In the Patriot Cause

Henry became a member of the Virginia House of Burgesses in 1765. In 1773, with Thomas Jefferson and Richard Henry Lee. he helped form a Virginia Committee of Correspondence, which exchanged information with similar committees that were resisting British domination. Henry was a member of the Continental Congress, 1774–76, and of the Virginia Convention, where he delivered his “liberty or death” speech. He served briefly as the first commander of the state's militia and helped draft Virginia's constitution.

Henry was elected the first governor of the state, serving 1776–79, and proved to be an effective wartime governor. He authorized the George Rogers Clark expedition that drove the British from what became the Northwest Territory. During 1780–84 and 1787–90 Henry served in the Virginia legislature. He opposed a strong federal government and refused to be a delegate to the Constitutional Convention (1787). As a member of the Virginia Ratification Convention (1788) he argued against adoption; but when the Constitution was ratified he announced his support of it. His criticism of the original document helped lead to the prompt adoption of the first 10 Amendments—the Bill of Rights.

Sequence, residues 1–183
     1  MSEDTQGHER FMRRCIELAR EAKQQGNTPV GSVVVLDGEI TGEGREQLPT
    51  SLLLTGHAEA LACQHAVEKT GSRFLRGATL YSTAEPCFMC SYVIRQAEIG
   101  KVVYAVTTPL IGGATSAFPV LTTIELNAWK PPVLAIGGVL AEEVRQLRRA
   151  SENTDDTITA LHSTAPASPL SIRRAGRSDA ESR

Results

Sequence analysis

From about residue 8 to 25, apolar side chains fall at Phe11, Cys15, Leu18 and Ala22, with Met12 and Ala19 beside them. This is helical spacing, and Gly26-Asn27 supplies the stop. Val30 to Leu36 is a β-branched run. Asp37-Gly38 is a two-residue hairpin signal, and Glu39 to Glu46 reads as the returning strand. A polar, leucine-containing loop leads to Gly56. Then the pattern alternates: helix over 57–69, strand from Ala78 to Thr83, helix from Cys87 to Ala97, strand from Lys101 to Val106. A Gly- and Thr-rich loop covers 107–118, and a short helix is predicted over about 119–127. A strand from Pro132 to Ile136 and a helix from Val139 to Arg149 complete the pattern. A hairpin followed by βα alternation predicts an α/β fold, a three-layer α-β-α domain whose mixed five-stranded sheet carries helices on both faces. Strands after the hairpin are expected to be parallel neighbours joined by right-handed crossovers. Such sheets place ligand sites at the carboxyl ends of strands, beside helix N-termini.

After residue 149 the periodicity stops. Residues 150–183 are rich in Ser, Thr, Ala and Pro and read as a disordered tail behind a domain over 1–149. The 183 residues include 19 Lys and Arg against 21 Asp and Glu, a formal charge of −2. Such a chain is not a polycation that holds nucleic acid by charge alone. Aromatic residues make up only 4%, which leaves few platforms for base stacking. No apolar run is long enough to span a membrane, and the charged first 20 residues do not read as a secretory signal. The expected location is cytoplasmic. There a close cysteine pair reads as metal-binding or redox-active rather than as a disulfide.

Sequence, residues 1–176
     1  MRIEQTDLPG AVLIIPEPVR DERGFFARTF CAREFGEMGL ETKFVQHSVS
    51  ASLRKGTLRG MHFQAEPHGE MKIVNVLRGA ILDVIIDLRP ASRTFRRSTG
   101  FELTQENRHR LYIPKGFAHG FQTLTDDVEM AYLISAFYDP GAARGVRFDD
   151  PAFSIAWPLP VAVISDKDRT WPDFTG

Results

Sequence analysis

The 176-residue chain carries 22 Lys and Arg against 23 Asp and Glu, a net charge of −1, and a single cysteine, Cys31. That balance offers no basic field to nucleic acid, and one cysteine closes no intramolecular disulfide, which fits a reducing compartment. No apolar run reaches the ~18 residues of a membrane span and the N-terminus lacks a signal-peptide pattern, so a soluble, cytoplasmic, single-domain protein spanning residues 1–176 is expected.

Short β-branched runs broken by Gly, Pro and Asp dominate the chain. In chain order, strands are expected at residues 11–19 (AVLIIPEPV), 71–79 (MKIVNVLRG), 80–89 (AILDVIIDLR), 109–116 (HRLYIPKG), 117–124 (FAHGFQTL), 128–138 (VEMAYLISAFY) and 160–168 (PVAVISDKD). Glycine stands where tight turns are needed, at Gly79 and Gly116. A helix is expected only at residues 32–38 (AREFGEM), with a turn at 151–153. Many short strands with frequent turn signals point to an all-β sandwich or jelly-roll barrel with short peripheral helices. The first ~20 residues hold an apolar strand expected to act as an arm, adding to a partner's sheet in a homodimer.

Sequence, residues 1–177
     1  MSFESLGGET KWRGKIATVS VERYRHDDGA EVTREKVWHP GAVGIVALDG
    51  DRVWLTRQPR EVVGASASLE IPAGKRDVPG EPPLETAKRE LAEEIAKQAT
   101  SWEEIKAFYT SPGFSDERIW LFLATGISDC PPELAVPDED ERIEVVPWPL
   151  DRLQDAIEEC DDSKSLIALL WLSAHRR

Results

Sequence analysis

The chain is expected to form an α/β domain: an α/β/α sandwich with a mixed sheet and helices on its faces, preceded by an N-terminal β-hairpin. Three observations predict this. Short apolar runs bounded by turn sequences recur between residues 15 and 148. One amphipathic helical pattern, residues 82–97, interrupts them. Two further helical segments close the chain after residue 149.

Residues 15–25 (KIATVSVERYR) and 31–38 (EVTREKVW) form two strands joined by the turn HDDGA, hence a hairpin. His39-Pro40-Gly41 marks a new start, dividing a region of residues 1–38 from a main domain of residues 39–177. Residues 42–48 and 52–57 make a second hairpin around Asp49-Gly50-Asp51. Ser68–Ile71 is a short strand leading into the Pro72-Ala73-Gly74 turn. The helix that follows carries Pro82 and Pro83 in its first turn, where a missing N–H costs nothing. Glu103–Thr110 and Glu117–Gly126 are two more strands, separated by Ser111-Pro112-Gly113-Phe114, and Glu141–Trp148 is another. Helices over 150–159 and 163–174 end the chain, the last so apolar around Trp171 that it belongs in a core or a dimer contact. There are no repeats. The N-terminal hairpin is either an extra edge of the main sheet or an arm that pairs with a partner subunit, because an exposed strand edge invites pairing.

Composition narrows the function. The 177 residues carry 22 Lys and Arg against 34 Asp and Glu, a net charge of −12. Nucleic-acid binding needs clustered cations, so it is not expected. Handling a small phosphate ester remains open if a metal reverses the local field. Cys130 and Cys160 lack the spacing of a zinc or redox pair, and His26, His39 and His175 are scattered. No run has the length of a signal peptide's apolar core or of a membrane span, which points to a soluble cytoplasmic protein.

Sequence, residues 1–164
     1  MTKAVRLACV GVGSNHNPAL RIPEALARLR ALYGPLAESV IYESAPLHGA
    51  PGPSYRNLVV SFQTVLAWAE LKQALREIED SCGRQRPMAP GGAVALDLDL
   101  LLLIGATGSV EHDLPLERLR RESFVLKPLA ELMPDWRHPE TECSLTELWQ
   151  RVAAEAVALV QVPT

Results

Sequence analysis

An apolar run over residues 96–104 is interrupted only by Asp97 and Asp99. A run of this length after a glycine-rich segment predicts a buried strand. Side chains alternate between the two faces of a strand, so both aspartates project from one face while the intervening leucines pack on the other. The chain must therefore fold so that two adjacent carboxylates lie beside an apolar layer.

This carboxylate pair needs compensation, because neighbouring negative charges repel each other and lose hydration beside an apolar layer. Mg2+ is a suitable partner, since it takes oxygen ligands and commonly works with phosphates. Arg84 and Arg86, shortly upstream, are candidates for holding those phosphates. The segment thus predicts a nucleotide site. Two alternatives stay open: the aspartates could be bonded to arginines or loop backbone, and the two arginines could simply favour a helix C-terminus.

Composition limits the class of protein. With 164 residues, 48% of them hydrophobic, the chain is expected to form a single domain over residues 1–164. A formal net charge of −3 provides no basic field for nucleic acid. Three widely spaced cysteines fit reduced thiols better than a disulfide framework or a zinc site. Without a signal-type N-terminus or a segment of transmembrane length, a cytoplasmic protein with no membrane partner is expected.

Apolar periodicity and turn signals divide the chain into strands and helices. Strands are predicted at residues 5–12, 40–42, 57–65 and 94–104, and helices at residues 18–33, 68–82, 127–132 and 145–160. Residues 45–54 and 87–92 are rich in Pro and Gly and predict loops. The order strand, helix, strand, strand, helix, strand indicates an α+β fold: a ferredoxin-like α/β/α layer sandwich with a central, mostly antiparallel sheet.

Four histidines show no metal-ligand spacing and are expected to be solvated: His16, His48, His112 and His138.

Patrick HenryPatrick Henry

Henry declined several important posts in the new federal government, including secretary of state and chief justice of the United States. He was elected to the Virginia legislature again in 1799 but died before he could take his seat.